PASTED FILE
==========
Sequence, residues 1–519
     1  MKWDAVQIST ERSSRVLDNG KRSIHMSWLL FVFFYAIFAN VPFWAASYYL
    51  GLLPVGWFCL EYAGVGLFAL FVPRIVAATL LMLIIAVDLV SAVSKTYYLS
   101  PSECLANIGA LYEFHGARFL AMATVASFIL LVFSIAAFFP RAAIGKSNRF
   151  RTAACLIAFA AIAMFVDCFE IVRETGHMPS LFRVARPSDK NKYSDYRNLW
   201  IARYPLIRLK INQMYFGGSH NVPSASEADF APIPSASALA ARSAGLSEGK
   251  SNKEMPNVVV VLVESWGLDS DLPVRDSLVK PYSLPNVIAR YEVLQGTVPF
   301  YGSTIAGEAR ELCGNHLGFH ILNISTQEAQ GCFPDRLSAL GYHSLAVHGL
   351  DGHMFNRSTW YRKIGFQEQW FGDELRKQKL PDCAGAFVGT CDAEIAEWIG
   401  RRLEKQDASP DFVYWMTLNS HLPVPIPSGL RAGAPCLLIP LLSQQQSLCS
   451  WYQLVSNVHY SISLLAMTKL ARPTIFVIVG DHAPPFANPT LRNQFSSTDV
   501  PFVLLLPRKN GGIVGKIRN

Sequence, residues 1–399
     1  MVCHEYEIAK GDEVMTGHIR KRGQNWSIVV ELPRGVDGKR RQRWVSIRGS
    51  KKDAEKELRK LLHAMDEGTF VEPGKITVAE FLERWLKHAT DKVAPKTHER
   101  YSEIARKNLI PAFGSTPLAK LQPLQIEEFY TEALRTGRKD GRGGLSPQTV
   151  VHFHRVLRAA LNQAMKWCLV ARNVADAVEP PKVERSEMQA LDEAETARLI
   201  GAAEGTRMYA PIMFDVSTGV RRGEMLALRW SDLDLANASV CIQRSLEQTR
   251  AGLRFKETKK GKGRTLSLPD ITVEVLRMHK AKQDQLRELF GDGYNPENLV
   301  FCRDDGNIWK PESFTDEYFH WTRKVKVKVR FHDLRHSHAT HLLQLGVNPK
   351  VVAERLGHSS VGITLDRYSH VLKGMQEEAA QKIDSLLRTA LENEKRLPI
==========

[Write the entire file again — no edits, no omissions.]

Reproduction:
Sequence, residues 1–519
     1  MKWDAVQIST ERSSRVLDNG KRSIHMSWLL FVFFYAIFAN VPFWAASYYL
    51  GLLPVGWFCL EYAGVGLFAL FVPRIVAATL LMLIIAVDLV SAVSKTYYLS
   101  PSECLANIGA LYEFHGARFL AMATVASFIL LVFSIAAFFP RAAIGKSNRF
   151  RTAACLIAFA AIAMFVDCFE IVRETGHMPS LFRVARPSDK NKYSDYRNLW
   201  IARYPLIRLK INQMYFGGSH NVPSASEADF APIPSASALA ARSAGLSEGK
   251  SNKEMPNVVV VLVESWGLDS DLPVRDSLVK PYSLPNVIAR YEVLQGTVPF
   301  YGSTIAGEAR ELCGNHLGFH ILNISTQEAQ GCFPDRLSAL GYHSLAVHGL
   351  DGHMFNRSTW YRKIGFQEQW FGDELRKQKL PDCAGAFVGT CDAEIAEWIG
   401  RRLEKQDASP DFVYWMTLNS HLPVPIPSGL RAGAPCLLIP LLSQQQSLCS
   451  WYQLVSNVHY SISLLAMTKL ARPTIFVIVG DHAPPFANPT LRNQFSSTDV
   501  PFVLLLPRKN GGIVGKIRN

Sequence, residues 1–399
     1  MVCHEYEIAK GDEVMTGHIR KRGQNWSIVV ELPRGVDGKR RQRWVSIRGS
    51  KKDAEKELRK LLHAMDEGTF VEPGKITVAE FLERWLKHAT DKVAPKTHER
   101  YSEIARKNLI PAFGSTPLAK LQPLQIEEFY TEALRTGRKD GRGGLSPQTV
   151  VHFHRVLRAA LNQAMKWCLV ARNVADAVEP PKVERSEMQA LDEAETARLI
   201  GAAEGTRMYA PIMFDVSTGV RRGEMLALRW SDLDLANASV CIQRSLEQTR
   251  AGLRFKETKK GKGRTLSLPD ITVEVLRMHK AKQDQLRELF GDGYNPENLV
   301  FCRDDGNIWK PESFTDEYFH WTRKVKVKVR FHDLRHSHAT HLLQLGVNPK
   351  VVAERLGHSS VGITLDRYSH VLKGMQEEAA QKIDSLLRTA LENEKRLPI